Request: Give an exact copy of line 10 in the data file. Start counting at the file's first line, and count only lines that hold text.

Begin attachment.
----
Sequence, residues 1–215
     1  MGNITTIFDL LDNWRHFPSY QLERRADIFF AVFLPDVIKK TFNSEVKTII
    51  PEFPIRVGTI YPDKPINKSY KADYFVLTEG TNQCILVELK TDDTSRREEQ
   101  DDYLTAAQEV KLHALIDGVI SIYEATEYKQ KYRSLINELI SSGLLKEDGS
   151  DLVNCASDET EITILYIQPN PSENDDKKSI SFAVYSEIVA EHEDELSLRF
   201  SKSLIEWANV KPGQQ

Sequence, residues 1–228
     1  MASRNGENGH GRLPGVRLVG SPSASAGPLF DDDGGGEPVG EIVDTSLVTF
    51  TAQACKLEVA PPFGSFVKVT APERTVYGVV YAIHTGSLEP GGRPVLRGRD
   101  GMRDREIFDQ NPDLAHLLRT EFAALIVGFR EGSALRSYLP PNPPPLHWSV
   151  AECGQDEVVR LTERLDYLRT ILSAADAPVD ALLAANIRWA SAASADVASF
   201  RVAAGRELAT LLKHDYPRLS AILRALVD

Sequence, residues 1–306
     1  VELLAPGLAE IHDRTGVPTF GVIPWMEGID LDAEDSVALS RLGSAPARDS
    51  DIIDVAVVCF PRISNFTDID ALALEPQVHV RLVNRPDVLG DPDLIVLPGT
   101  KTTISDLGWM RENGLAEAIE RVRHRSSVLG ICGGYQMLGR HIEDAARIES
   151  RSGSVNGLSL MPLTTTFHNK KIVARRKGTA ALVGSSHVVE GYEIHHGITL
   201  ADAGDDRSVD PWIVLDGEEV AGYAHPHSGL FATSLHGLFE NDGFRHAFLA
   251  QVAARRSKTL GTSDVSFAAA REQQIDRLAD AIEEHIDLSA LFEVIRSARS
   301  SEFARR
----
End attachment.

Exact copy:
   101  GMRDREIFDQ NPDLAHLLRT EFAALIVGFR EGSALRSYLP PNPPPLHWSV